Commentators say that the commission has already, in its current non-statutory role, carved out a role for itself, having published a number of reports and started work on its first National Infrastructure Assessment, a 30-year strategy outlining the country's infrastructure needs and how they can be met. "The commission has functioned to date and has had an impact," said the Planning Officers Society's infrastructure specialist Michael Wilks, speaking before last week's announcement. "The concern is over its permanence."

Armitt, the commission's interim deputy chair, acknowledges concerns about its long-term existence in the absence of legislation. But he is positive about the new charter. "The government has gone out of its way to emphasise our independence," he says, "and ministers are obliging themselves to respond to us in a full and timely fashion." He also welcomes the fact that day-to-day reporting lines for commission staff are to the NIC chair, not to ministers.

The key issue, he says, will be how the government behaves. "Even if the commission were a statutory body, it would not stop the government from dragging its feet." But he says the present approach of ministers in relation to the NIC is "absolutely the right one," adding: "Infrastructure is clearly a focus and they want to be seen to be taking this seriously."

Where does this leave the evidence produced by the NIC's National Infrastructure Assessment and its influence over planning decisions? Wilks believes that ministerial statements made in response to evidence-based recommendations from the non-statutory NIC will carry weight in planning decisions. "There's no reason why ministers cannot formally respond, and that would be a material consideration," he says.

The previous administration's proposal that NIC recommendations endorsed by ministers would take precedence over adopted national policy statements had been criticised for ignoring due process. Speaking before last week's announcement, barrister Michael Humphries QC argued that this problem would be eased if the commission was not a statutory body: "This potential challenge disappears," he said, "because the commission's recommendations, even if endorsed, have no statutory status."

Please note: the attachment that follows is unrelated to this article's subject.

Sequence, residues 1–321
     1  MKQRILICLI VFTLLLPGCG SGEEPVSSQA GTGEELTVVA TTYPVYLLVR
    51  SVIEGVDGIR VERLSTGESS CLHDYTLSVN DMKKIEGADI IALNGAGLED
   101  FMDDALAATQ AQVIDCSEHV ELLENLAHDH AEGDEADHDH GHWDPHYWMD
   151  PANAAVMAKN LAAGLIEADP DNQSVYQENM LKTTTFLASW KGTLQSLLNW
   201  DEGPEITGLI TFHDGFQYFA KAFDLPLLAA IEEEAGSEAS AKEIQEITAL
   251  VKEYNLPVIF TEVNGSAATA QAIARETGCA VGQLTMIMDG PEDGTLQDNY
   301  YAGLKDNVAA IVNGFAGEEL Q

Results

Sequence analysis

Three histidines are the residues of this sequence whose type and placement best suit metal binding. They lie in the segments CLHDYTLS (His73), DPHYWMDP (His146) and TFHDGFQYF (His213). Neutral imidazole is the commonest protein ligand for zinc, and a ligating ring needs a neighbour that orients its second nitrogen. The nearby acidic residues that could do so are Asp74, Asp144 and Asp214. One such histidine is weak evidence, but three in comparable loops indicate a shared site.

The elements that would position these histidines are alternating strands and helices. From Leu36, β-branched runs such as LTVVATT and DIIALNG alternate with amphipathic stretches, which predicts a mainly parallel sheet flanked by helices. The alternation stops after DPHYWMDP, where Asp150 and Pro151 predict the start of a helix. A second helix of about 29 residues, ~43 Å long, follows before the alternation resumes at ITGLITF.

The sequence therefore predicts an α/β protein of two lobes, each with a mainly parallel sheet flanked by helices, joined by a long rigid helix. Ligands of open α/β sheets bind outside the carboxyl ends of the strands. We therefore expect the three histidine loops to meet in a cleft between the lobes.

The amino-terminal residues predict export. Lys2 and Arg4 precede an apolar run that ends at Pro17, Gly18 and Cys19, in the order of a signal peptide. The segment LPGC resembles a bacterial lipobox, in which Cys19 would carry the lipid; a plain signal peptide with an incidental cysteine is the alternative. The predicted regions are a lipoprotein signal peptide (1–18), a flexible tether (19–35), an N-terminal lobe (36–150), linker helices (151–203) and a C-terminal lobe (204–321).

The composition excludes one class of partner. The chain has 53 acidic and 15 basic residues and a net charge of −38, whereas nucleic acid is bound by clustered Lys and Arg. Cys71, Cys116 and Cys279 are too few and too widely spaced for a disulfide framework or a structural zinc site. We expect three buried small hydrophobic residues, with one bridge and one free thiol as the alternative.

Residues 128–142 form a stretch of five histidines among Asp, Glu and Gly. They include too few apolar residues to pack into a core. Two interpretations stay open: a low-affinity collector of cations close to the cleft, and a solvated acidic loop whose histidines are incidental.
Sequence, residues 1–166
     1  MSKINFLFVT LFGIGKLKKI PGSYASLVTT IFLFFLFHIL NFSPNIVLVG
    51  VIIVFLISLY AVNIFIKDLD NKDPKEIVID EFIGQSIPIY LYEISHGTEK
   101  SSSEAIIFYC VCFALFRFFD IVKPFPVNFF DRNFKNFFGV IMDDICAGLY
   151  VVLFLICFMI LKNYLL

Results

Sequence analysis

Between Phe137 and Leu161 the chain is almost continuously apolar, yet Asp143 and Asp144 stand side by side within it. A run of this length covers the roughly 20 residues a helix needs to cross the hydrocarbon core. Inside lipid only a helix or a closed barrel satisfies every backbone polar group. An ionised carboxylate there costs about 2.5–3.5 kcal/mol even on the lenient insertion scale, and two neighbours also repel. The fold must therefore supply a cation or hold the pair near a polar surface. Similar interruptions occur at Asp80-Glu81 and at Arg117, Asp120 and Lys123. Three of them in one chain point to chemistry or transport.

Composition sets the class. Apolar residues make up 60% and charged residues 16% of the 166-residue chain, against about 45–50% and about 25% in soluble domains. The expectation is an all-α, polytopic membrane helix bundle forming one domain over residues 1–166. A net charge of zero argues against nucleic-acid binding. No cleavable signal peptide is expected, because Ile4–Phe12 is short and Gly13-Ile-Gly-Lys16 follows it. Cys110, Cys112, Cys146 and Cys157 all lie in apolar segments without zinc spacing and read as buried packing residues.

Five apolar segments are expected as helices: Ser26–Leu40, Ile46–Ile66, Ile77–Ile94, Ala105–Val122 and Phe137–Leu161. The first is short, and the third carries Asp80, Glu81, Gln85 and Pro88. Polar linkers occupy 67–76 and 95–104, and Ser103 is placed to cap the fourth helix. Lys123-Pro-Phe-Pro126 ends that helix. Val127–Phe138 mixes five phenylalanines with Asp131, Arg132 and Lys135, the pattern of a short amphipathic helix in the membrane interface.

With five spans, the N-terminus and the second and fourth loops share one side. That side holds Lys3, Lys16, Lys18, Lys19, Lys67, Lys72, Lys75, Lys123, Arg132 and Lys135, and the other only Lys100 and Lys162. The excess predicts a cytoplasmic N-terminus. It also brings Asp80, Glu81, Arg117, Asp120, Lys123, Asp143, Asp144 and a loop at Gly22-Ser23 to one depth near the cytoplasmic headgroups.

While some suggest that this would make for a simpler system, others are concerned that a non-statutory NIC will lack teeth and have a limited ability to carry out its central purpose. Before the latest announcement, Owen had argued that the NIC needed to be statutory so it could require information from regulators, public bodies and government departments. "We need to see whether these bodies co-operate with the commission as an executive agency," he now says. Humphries adds: "There is no obvious reason why government would obstruct its own organisation from trying to help it."

More fundamentally, will the commission become a creature of government, or, as originally envisaged, an arms-length body able to make impartial long-term recommendations? "The proof will be in the pudding," says Owen. "The commission is certainly capable of operating independently but executive agencies can be subject to interference."


September 2013: Following a review set up by the Labour Party and led by Sir John Armitt, a report recommends that an independent National Infrastructure Commission (NIC) be created to improve infrastructure planning.

October 2015: Then Conservative chancellor George Osborne announces an independent NIC to offer "unbiased analysis of long-term infrastructure needs".

January 2016: The Treasury launches a consultation, which suggests placing the NIC on a statutory footing.

March 2016: The NIC makes its first recommendations, backing the High Speed 3 and Crossrail 2 rail lines and "a smart power revolution".

May 2016: The Treasury says in its consultation response that it will legislate "at the earliest opportunity" to make the NIC statutory.

September 2016: Plans to make the NIC statutory are dropped from the Neighbourhood Planning Bill and the Treasury confirms that statutory status will not be granted in 2016/17.

October 2016: The Treasury announces that the NIC will instead become an executive agency from January 2017

Spring 2017: NIC recommendations on housing and jobs growth in the Cambridge-Milton Keynes-Oxford corridor and 5G digital communications due.